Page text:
What do you all think of these new wayfinding signs? Personally, I REALLY love these! They’re like highway signs for cyclists! Although, based on other ones scattered throughout the city, you can tell that for a quite a while, the standards for these were still “work in progress“. Earlier this year, they installed ones at Dawes/Secord north of Danforth, and if something was exactly 2 km, then it would say “2 km”. Now, these signs on Danforth which must have been put up within the last month will show something more precise like “2.0 km”.

Font/symbol types:

🚲 (bike symbol) ROAD NAME = Bike route on road

Point of Interest or Destination = in that type of format

🟧🏃🚲 (orange symbol with hiker and bike) Trail Name = Recreational trail



IMG_4D0F39A2DABD-1.jpeg

Taken back in April. Dawes about 1 km north of Danforth, @ Secord Avenue.

IMG_2935.jpeg

Danforth just west of Victoria Park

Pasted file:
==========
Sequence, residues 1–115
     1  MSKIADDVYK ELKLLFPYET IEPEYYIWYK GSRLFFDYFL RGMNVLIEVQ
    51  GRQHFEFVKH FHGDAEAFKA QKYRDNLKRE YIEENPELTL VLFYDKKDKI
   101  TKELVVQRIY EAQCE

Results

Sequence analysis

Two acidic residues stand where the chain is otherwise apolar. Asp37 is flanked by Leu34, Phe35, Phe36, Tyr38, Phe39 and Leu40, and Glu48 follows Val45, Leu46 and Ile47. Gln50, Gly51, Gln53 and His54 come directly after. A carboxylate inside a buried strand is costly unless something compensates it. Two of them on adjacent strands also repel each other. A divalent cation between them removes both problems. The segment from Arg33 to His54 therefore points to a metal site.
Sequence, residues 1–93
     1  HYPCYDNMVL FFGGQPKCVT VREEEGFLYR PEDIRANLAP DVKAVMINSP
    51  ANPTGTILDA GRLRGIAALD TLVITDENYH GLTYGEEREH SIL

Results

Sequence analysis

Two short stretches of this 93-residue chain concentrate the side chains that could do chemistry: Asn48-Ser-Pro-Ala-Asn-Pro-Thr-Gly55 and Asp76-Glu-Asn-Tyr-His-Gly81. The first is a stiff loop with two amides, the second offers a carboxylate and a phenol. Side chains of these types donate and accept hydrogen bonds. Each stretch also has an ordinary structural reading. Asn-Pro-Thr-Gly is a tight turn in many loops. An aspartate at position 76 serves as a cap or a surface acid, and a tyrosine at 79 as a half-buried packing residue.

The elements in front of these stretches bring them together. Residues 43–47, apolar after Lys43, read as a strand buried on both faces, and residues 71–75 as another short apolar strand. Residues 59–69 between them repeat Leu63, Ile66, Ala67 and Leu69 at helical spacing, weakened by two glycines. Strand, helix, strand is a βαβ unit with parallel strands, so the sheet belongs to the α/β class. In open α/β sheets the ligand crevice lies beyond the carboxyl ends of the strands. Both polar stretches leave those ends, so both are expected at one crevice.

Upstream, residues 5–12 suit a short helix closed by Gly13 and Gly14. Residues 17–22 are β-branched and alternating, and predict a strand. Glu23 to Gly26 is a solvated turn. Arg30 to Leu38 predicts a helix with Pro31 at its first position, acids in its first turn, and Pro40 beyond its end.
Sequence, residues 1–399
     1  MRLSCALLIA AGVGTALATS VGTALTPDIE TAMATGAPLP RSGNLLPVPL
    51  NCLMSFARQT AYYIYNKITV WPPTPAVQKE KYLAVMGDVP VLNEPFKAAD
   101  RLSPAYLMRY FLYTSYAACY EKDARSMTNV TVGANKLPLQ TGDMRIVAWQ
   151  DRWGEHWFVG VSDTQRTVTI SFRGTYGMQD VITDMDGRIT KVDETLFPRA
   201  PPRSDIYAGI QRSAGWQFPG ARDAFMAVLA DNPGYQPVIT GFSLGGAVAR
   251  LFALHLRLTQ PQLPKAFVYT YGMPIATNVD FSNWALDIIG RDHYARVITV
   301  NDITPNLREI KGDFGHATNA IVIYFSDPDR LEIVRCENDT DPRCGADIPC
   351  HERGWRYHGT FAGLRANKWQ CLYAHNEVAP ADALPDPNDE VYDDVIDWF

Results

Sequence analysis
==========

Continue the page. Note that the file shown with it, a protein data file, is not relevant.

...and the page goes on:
IMG_2923.jpeg

Danforth, just east of Greenwood

FullSizeRender.jpeg

Danforth, just west of Greenwood. Not quite sure how I feel about how they determine the distance to destinations. Here, when mentioning “Downtown” they’re clearly talking about downtowns eastern boundary along Don River (look at the distance from “Bloor Viaduct” to “Downtown”). Downtown is big, so, I feel like another point of interest along Bloor would have been better.


FullSizeRender.jpeg

Danforth just east of Monarch Park.

IMG_2928.jpeg

Danforth just east of Monarch Park.
 

Attachments

  • FullSizeRender.jpeg
    FullSizeRender.jpeg
    259.8 KB · Views: 12
I came back from Montreal on the evening of the 31st - thank you VIA, Union Station, and GO on a busy day. I had been thinking of the differences between Montreal and Toronto re pedestrians and cyclists once again, but i have posted on this topic before and had really nothing new to say. Then this morning I ran across this article by Andre Picard of the Globe and Mail. The article is about Paris, and cycling, and pedestrians, and taking back streets from car oriented transit, and to me, speaks to so much we discuss on these forums ( but which our faint of heart politicians are so reluctant to embrace). There was a similar article posted earlier on the University Ave thread discussing the planning process Paris is going through as it seeks to humanize the Champs Elysees. Reading this please also remember that the population of the city of Paris is 2.1 million , and the greater Paris region, a little over 12 million.